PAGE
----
The authors examine the example of elephants in this exposition of the arguments favouring 'sustainable utilization'. This approach ensures species survival by employing a framework based upon property rights, enforcement of those rights and local community involvement.
The African elephant is not an endangered species: there are at least 10 viable populations.
The UN Convention on International Trade in Endangered Species (CITES) broke its own rules by listing the African elephant as endangered.
The international trade ban, instigated by CITES, was opposed by 73 per cent of those countries with elephant populations.
Southern African countries argue that allowing trade maximises the value of elephants.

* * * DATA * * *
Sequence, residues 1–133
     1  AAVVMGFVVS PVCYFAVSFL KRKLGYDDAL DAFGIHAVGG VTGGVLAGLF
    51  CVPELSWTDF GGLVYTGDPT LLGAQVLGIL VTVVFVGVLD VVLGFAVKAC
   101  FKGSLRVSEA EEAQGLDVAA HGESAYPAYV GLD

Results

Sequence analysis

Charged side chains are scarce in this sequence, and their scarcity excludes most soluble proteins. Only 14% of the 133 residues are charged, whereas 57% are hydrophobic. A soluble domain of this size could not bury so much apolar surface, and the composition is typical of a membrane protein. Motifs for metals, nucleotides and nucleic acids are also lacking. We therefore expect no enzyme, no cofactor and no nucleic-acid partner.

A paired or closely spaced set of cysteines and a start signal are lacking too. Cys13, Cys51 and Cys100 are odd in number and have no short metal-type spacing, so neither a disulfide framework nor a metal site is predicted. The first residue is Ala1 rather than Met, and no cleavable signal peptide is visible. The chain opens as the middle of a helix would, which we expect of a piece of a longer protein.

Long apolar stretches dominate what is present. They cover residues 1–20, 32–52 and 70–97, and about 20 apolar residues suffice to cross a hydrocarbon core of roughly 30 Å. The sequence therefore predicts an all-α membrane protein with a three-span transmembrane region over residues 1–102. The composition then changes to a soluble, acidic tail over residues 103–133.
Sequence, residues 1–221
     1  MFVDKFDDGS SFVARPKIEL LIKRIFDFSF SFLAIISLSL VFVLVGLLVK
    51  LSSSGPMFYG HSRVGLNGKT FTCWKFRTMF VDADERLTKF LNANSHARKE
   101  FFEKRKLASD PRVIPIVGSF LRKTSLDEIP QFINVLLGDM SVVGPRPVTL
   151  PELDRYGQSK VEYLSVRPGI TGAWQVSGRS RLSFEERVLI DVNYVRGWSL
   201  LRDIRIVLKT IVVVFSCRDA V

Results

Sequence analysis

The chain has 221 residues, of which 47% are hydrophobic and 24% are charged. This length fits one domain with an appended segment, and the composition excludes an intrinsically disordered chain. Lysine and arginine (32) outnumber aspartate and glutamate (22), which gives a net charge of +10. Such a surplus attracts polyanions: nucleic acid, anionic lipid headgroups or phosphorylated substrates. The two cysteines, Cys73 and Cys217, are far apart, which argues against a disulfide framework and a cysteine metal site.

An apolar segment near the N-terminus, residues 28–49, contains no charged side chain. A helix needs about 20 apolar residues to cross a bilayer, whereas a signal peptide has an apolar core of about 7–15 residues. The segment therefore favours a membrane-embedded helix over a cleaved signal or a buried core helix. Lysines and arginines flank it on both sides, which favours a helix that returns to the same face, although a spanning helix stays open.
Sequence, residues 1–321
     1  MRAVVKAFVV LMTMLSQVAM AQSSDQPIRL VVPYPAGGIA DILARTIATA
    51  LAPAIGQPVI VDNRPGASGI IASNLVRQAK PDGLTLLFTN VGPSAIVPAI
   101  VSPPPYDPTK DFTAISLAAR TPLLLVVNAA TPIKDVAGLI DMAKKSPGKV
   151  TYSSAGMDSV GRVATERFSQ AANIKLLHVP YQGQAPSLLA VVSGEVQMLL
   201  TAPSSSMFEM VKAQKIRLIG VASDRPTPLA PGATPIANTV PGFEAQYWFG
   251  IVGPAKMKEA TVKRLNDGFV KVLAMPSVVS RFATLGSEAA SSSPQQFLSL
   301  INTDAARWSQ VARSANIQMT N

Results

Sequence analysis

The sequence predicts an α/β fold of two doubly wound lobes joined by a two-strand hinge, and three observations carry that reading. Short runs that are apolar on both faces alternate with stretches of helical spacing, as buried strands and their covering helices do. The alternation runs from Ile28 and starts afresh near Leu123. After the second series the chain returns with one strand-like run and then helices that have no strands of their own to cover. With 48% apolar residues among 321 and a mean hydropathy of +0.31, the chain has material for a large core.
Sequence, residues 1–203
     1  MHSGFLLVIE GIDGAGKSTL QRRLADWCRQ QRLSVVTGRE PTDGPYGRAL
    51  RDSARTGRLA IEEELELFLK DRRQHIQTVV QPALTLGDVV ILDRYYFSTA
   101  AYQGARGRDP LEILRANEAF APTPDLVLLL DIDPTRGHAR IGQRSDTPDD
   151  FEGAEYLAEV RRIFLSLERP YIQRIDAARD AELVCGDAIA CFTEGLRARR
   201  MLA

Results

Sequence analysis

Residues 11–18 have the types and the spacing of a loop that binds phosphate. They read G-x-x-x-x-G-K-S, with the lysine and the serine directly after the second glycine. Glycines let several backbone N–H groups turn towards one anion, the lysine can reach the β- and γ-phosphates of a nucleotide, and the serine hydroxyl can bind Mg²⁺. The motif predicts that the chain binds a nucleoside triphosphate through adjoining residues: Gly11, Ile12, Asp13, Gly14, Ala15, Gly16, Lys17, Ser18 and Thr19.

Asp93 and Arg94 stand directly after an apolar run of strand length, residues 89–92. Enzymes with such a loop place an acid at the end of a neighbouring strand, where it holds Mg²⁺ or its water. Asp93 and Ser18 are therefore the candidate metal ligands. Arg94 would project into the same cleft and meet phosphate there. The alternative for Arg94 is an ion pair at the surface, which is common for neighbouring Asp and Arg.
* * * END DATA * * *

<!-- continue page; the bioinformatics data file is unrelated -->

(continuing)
Prior to the ban, the elephant populations in Botswana, South Africa and Zimbabwe had increased with the assistance of protection made possible by tourism and the sale of hunting licences.
Banning the use of elephant products reduces the value of the elephant by denying financial benefit to the elephant's custodians.
Kenya banned hunting in 1976. Since then, it has lost 85 per cent of its elephants.
Zimbabwe granted land-owners title to their wildlife in 1975; since then, land devoted to wildlife has increased from 17,000 to 30,000 square kilometres.
Ownership of the communal or private level, rather than by the State, will ensure that the benefits, not just the costs, of conservation will fall on the local population.
The sustainable utilisation or CAMPFIRE project in Zimbabwe has brought custodianship of wildlife to the local level - it is a model for future conservation.
1994, Studies in the Environment, ISBN 978 0 255 36342 6, 75pp, PB